Archive for August, 2008


Chemo Sucks!

Chemo Sucks!

There is no other way of saying this, but I am officially bald. I knew that I was going to lose my hair, but I did not anticipate that it would happen so quickly. This past Saturday, my ponytail completely came out. I was really horrified and shocked at the same time. It was so much hair. I called a girlfriend of mine and cried on the phone to her. She cried with me and told me that she loved me. Thank you Courtney. The following day, I was still kind of in denial about my hair loss up until I took a shower. The warm water was really relaxing and I ran my fingers through my hair, not knowing this would be the last time that I would feel the texture of my hair touch my hands. I opened my eyes and there in my hands was the rest of my hair. Just like that, it was gone. It was nothing compared to the ponytail that had fallen out the day before, I should have been grateful just for that. It was a huge pile of hair resting in my hands, almost like a bird’s nest. I was not shocked, but sad for my loss. I stepped out of the shower and looked at myself in the mirror. I still had some very small patches of hair, enough to make me look completely foolish if I left it that way. I decided to clean it up and make me look as good as I possibly can, so I asked my father to shave my head. Its funny because I normally give him a haircut every two weeks and now the roles were reversed. I’m still getting used to my new look, but one thing is for sure, I have surrendered to accepting that my hair is gone for now, but not forever.


Until we get some things in place to deal with the spammers, comments will be moderated.  Feel free to leave them, but they will have to be manually approved.  I usually check them a couple of times a week.

UPDATE: Spam filter has been updated and comments are once again unmoderated.  So feel free to leave your note and it should update instantly.

Update: Round 1 of ICE Chemo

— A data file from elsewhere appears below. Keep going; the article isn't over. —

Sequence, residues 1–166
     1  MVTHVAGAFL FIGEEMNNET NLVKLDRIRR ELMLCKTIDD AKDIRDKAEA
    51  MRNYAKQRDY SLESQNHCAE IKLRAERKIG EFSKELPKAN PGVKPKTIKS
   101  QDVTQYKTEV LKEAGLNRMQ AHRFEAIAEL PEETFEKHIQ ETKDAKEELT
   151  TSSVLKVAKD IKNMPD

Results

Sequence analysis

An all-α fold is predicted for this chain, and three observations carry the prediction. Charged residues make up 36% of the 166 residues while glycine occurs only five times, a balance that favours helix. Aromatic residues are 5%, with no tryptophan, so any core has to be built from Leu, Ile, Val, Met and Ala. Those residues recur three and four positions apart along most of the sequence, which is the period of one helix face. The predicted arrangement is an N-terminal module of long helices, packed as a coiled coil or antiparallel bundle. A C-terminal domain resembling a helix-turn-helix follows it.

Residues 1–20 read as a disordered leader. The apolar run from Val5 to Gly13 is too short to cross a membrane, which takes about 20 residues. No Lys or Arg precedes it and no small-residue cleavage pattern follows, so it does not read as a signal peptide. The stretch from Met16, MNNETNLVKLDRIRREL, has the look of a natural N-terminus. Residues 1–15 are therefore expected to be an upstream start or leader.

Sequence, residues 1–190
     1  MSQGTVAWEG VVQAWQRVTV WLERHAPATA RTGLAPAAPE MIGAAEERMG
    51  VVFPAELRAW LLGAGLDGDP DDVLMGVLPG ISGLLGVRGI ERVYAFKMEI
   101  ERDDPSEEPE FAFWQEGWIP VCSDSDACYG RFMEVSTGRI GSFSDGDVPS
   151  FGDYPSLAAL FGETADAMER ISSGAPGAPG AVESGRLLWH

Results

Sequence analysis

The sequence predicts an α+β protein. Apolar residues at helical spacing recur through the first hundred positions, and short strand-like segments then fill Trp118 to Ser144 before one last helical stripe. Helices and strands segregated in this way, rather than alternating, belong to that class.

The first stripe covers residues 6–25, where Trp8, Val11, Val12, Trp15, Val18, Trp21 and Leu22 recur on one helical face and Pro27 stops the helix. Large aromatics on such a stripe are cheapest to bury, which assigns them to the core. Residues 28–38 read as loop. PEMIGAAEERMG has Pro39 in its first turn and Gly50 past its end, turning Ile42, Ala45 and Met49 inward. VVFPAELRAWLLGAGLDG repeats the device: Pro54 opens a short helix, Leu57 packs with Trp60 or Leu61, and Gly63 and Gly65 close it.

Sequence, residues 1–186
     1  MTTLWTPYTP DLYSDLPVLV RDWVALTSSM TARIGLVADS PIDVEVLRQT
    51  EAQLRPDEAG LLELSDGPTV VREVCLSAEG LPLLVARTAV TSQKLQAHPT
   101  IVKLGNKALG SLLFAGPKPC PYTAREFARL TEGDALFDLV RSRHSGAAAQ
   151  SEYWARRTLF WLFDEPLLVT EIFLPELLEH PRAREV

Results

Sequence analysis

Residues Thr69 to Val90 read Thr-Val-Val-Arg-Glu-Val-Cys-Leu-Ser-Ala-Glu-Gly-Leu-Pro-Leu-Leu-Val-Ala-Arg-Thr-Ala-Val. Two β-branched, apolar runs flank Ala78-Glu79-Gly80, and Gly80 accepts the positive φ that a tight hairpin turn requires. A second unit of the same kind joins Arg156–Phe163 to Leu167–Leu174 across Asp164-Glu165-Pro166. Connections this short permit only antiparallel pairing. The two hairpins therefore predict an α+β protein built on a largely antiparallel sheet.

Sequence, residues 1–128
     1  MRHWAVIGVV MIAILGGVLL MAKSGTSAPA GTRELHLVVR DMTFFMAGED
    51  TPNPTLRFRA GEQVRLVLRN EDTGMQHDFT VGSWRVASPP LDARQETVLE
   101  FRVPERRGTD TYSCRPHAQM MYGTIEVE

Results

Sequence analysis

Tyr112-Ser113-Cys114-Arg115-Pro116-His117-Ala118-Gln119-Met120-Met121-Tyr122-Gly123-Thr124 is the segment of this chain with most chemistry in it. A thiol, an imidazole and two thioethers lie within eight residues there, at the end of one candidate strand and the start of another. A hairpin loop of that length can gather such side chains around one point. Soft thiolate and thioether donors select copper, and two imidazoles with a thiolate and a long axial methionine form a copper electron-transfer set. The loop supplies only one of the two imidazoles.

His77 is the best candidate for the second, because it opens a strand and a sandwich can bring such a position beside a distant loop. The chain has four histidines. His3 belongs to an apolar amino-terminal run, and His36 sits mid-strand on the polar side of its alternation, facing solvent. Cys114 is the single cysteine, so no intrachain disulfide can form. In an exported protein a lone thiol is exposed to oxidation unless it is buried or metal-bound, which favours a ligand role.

Geraldine’s first round of ICE chemotherapy concluded on Friday evening, August 8. For nearly a week, she was mostly bedridden, nauseous, and extremely fatigued. As of today, she is slowly coming out of her “chemo coma” as she calls it.

A very real danger is that she may become Neutropenic, which basically means that she is “more susceptible to bacterial infections and without prompt medical attention, the condition may become life-threatening.”

It’s a shame, because just as she is feeling better and ready to get out of the house, she’s being ordered back into isolation for the weekend.

She has also been told that in two weeks or so, her hair will completely fall out. Not just a little at a time, but all at once, in clumps.  She plans on shopping for scarves this weekend, and getting her hair cut as short as she is able to to avoid the shock.  Still, this is a major blow to one’s self-esteem, and is especially hard for a beautiful woman.

We plan on documenting the haircut and the hair-loss with a video camera. It will not be easy on her, but she has refused to let her friends shave their heads in Solidarity, stating “you don’t look all that great now, you don’t need to make it worse…” hehe.

Alternative Treatment Center

A friend’s mother-in-law has had positive personal experience with this facility located in the Bahamas.  The cost would actually be less than some of the conventional treatments in the U.S. after insurance.

Update: here is the link that works for these folks:

A recap of the situation from Geraldine’s father, Andrew

Geraldine and her daughter Viviane

Geraldine and her daughter Viviane